7 June 2016 Slow Down To Help Weight Loss: Your Gut-Brain Connection

How fast do you eat? If you are wolfing down a meal in less than 20 minutes, then you might be eating too fast. This could affect your ability to limit calories at meals regardless of macronutrient content (fat, carbs, or protein).

As we eat, our gut releases hormones which are then absorbed into our bloodstream. Eventually, the brain detects these gut hormones and processes the information as hunger or satiety. Over time, we develop a feeling of being satisfied with our food intake - our hunger and drive to eat is reduced or stops completely. This is not just the feeling that our stomach is full or stretched - this is a gut-brain signaling system at work to drive feeding when we are hungry and stop feeding when we are full. Count on about 20-30 minutes for this gut-brain connection work most effectively.

Tips to Help You Slow Down

  1. Time yourself and take 20-30 minutes to eat. Over time, you won’t need the clock but in the beginning, it will help you slow down.
  2. Group dining. Pace yourself with the slowest eater, but still aim for taking 20-30 minutes to consume the meal.
  3. Eat with a utensil (e.g. fork or spoon) and put it down between bites.
  4. Chew well. Try counting out 15-20 chews before swallowing.
  5. Eat one piece of food at a time instead of a handful. This applies to foods such as nuts, seeds, popcorn, chips, crackers, chocolate, sweets, etc. For beverages, sip instead of gulp.
  6. Savor the food. Eat like a foodie, instead of a hungry dog. Look at your food and smell the aroma – it will enhance your perception of taste and enjoyment. Chew carefully, enjoying both taste and texture. Focus on the experience of eating your food.
  7. Avoid distractions such as reading, TV, computer, or multi-tasking. If you listen to music, pick slower tempo songs. Eating with fast-paced music can increase the speed at which you eat.
  8. Drink water with your meal. You can alternate between eating food and drinking water. The exception to this rule is if you have had bariatric surgery – in that case; do not drink fluids with your meals. For more information about eating after bariatric surgery, please read “Can You Use Calories Tracking Apps If You Have Had Bariatric (Weight Loss) Surgery”.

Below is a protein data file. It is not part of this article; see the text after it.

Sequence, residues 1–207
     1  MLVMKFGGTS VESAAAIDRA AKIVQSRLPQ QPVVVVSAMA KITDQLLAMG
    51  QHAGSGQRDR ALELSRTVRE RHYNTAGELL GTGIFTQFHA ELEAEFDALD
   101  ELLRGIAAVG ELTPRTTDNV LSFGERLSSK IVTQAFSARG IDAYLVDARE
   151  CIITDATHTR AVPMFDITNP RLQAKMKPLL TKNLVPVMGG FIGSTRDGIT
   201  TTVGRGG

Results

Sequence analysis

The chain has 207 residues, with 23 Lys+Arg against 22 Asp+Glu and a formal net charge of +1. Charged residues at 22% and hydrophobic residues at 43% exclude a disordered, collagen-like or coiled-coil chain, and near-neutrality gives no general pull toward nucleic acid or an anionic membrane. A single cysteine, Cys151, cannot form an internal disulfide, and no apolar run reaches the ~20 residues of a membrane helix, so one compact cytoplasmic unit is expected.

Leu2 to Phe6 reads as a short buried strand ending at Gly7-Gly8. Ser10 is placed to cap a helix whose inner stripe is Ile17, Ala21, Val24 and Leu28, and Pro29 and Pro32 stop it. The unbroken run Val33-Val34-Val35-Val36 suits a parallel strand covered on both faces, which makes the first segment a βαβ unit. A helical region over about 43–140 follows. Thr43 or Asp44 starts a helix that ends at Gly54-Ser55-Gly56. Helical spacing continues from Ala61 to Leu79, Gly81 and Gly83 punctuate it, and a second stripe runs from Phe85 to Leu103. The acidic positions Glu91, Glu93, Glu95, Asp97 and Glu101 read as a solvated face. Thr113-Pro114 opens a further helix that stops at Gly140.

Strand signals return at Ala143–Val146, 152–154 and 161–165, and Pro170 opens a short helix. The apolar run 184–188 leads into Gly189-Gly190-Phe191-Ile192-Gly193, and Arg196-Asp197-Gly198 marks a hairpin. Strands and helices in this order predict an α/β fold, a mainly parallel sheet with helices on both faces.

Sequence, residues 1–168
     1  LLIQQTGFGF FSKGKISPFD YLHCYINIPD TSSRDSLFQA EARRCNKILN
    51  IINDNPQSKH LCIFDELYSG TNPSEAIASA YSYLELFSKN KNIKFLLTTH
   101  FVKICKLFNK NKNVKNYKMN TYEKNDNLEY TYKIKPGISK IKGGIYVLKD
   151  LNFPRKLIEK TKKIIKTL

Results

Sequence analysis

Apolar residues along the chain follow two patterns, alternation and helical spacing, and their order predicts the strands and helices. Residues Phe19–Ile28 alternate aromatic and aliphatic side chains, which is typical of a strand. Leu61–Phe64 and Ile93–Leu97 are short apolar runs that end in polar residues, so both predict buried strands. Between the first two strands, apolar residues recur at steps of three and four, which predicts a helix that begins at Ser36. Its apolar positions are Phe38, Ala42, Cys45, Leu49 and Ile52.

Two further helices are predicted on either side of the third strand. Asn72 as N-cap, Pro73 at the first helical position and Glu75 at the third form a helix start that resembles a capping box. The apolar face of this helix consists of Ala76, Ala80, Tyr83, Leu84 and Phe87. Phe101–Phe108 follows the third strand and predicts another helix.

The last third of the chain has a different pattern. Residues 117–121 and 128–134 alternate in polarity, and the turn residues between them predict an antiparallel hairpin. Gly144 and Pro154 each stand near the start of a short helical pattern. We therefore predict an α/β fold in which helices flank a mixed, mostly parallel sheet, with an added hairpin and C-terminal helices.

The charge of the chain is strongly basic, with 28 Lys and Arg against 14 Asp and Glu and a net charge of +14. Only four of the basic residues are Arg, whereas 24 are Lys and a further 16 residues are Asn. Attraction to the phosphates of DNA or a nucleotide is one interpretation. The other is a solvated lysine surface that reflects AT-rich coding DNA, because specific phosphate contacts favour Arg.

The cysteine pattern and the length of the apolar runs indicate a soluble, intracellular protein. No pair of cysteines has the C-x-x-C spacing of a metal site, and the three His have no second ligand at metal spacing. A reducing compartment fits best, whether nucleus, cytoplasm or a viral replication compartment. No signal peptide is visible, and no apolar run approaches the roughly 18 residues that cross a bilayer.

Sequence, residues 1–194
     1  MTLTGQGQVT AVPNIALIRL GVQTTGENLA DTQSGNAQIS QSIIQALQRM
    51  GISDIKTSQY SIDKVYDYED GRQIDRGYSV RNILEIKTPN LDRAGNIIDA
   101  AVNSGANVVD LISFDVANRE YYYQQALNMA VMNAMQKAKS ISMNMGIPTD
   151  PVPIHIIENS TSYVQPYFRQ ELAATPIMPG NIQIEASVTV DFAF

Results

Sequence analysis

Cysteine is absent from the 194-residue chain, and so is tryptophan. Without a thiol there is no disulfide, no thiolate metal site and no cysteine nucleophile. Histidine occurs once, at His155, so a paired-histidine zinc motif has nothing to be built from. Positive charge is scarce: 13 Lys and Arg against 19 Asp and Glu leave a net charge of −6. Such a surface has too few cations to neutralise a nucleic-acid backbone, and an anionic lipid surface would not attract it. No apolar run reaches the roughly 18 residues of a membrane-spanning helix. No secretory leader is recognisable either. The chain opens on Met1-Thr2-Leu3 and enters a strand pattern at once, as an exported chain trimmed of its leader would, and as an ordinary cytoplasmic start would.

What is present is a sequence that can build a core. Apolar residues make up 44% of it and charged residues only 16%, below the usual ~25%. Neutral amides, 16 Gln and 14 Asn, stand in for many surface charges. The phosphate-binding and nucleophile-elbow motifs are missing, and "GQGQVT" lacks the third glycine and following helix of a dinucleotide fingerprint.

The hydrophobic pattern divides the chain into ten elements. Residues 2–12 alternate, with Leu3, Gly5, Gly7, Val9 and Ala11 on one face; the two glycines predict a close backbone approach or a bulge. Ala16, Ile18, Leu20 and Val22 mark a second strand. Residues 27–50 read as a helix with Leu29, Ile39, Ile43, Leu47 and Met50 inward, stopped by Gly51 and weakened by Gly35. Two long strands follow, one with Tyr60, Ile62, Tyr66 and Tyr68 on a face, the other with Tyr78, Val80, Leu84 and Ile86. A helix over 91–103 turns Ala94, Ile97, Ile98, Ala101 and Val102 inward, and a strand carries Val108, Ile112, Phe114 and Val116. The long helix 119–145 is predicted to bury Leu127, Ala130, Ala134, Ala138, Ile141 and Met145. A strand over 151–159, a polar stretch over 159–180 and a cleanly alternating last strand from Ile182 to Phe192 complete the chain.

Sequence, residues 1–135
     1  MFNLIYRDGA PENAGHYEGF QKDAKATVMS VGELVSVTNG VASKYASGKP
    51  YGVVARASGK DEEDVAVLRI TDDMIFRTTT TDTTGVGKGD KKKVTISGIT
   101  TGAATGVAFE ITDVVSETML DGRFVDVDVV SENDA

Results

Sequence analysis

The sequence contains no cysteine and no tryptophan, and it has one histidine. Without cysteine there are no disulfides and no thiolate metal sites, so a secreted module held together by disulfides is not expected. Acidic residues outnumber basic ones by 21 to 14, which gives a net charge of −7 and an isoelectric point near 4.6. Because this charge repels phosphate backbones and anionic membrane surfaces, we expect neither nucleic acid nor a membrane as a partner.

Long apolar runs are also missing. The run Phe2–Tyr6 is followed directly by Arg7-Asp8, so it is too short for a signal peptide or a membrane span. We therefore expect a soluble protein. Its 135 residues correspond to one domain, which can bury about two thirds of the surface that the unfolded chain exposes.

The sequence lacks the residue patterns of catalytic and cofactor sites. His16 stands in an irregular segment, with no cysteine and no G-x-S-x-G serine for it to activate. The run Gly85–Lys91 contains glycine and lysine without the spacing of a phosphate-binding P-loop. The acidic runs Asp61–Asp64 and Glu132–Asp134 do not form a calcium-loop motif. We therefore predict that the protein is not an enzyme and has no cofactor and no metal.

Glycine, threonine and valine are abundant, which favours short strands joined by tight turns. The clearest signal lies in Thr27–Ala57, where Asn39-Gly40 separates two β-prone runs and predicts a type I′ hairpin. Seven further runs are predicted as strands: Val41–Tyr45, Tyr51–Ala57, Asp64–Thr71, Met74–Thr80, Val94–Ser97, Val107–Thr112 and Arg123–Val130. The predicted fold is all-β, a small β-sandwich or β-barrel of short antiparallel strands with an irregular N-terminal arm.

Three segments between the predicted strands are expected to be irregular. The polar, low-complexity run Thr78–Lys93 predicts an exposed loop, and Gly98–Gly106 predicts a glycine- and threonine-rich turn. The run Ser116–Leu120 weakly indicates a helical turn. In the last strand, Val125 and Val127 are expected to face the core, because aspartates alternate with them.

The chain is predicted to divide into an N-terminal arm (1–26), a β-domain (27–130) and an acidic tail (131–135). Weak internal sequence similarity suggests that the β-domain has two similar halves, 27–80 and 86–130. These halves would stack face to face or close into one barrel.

Related Issue – Correcting a Low Blood Glucose

The carbs we consume directly affect our blood glucose. If you feel like your blood glucose is low, then consider that it takes about 15 minutes to register a significant blood glucose rise even after consuming just plain sugar, pop, juice, glucose tabs or the like. Don’t chug a can of pop or a bottle of juice to correct your blood glucose – it is an unnecessarily high sugar load and won’t correct your blood glucose any faster. The standard recommendation for treating low blood glucose is the 15/15 rule: consume 15 grams of easily digested carbs (e.g. some form of sugar without fat or protein such as 3-4 glucose tabs or 4 fl oz of juice) and then wait 15 minutes to recheck blood glucose. Read “Do You Get Low Blood Sugar” for more information on how to correct a low if you have diabetes. This is important since many people with diabetes eat or drink too fast and over-correct low blood glucose – causing them to rebound high as well as consume too many calories.

Now think about what eating an 800 calories burrito with fat, protein, and carbs must be like on your system when you consume it in 10 minutes. Think you are going to feel satisfied? I don’t think so. And maybe that is why you feel you need chips and guacamole to complete the meal. If you take 20-30 minutes to eat just that burrito, you might feel very satisfied with nothing else but water. Or you might find that even just a half of a burrito satisfies your hunger, saving you 400 calories.

Gut-Brain Signaling Can Be Overridden

Many factors can affect the gut-brain connection. Learned behavior is a striking example - we eat until the plate is empty despite appetite signals telling us to stop. That would be the “Clean Plate Club.” And to make matters even more difficult, once we have too much extra weight, our signaling system can fail or not work as effectively. It feels like we lose the ability to feel satisfied after a perfectly good meal that has plenty of macronutrients. But don’t assume your signal system is broken! Try slowing down your rate of eating and see if that helps you control your meal calories without undue hunger. Also read “4 Tips for Feeling Full on Fewer Calories” for more information about how food choices can help with satiety while we lose weight.

Stop relying on just your stomach extending as the cue that you are full. Take the time to slow down and discover how your gut-brain connection can support calories controlled eating without undue hunger. This will help you lose weight and keep the weight off.

Katherine Isacks, MPS, RD, CDE
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Disclaimer: The information provided here does not constitute medical advice. If you are seeking medical advice, please visit your healthcare provider or medical professional.

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Weight Loss/Behavior

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